The National  Memo Logo

Smart. Sharp. Funny. Fearless.

Monday, December 09, 2019 {{ new Date().getDay() }}

Reprinted with permission from AlterNet.

 

On Monday, the Supreme Court issued an emergency stay blocking the deposition of Commerce Secretary Wilbur Ross in the ongoing dispute over the addition of a citizenship question to the 2020 Census.

The order, a victory for the Trump administration, puts any attempt to question Ross about his role in the inclusion of the question on hold, at least until the Court can hear the issue more fully. The Court’s decision overrules, for the time being, the order of U.S. District Judge Jesse Furman, who instructed Ross to submit to questioning from lawyers in the ongoing litigation of the Census.

While Ross is now unlikely to testify in the upcoming trial, which is scheduled for November 5, other depositions, including Justice Department official John Gore, can proceed as planned. Justices Clarence Thomas and Neil Gorsuch, the far-right flank of the court, partially dissented on the grounds that if Ross’ deposition should be stayed, the entire process should be stayed as well.

The decision to add a citizenship question to the Census has been broadly criticized by experts as likely to intimidate respondents and lower the reporting rate, particularly among people of color. If the Census fails due to an undercount, everything from the apportionment of congressional districts to the allocation of federal funding could be thrown off balance for a decade. The undercounts could be especially severe in large, diverse states like New York, California, and Texas.

What is more, there is substantial evidence Ross lied to Congress about his involvement in the decision to add the question. In his testimony to Congress in March, Ross said under oath that the DOJ had asked him in a letter to include the citizenship question, to facilitate compliance with the Voting Rights Act. But emails exposed in a lawsuit over the policy revealed that Ross in fact asked for the change himself, on the advice of former Trump adviser Steve Bannon and far-right Kansas secretary of state Kris Kobach, and only later requested the DOJ send him a letter to give cover to his decision.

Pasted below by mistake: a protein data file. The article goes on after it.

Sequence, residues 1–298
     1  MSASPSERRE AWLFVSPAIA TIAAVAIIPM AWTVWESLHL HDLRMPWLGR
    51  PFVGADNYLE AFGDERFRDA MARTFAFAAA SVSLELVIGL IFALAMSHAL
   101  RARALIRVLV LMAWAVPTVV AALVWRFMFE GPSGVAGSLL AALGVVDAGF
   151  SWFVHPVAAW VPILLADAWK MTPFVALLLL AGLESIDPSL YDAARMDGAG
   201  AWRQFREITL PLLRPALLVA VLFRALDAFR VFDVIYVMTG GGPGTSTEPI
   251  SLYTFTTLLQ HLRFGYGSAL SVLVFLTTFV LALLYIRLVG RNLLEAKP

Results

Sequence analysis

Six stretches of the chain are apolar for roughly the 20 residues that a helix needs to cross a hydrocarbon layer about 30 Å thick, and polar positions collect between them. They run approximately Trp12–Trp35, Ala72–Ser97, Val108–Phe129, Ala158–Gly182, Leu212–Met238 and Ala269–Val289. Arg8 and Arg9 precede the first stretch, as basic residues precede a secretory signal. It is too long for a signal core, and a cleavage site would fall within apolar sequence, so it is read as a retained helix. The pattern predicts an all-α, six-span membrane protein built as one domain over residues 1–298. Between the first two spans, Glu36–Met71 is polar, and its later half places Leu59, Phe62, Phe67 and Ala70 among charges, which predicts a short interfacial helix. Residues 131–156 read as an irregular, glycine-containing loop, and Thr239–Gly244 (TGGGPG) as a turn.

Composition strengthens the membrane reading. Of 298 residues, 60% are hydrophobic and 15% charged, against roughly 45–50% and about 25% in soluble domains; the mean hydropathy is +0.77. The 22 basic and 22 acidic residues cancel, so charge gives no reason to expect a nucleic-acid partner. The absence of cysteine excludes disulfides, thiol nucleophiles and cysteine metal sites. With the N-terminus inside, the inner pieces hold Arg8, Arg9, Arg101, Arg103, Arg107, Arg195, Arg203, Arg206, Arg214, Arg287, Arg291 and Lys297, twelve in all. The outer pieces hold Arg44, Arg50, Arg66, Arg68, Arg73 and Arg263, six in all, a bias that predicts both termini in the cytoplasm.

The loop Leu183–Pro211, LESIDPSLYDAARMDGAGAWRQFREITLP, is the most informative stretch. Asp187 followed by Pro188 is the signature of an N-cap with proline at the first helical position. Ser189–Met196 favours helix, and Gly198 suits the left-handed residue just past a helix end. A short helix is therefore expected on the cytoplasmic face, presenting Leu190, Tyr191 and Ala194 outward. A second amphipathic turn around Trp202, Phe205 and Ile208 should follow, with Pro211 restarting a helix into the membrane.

Ross has faced scrutiny for other ethics violations as well, including his decision to short-sell stocks in a company he owned while he was in office.

Matthew Chapman is a video game designer, science fiction author, and political reporter from Austin, TX. Follow him on Twitter @fawfulfan.

 

Advertising

Start your day with National Memo Newsletter

Know first.

The opinions that matter. Delivered to your inbox every morning

Lt. Gov. Janice McEachin

The Republican Party’s radical right flank is making inroads among voters and winning key primaries east of the Mississippi. But out West, among the five states that held their 2022 primary elections on May 17, a string of GOP candidates for office who deny the 2020’s presidential election results and have embraced various conspiracies were rejected by Republicans who voted for more mainstream conservatives.

In Pennsylvania, Douglas Mastriano, an election denier and white nationalist, won the GOP’s nomination for governor. He received 568,000 votes, which was 44.1 percent of the vote in a low turnout primary. One-quarter of Pennsylvania’s nine million registered voters cast ballots.

Keep reading... Show less

Rep. Ted Budd, left, and Cheri Beasley

On Tuesday, North Carolina Republicans selected Rep. Ted Budd (R-NC), a far-right extremist who has pushed false claims about the 2020 election, to be their Senate nominee. He will face Democratic nominee Cheri Beasley, a former chief justice of the state's Supreme Court.

As of Wednesday morning, Budd had received more than 58 percent of the GOP primary vote. Former Gov. Pat McCrory received just below 25 percent of the vote, while former Rep. Mark Walker received about nine percent of the vote.

Keep reading... Show less
{{ post.roar_specific_data.api_data.analytics }}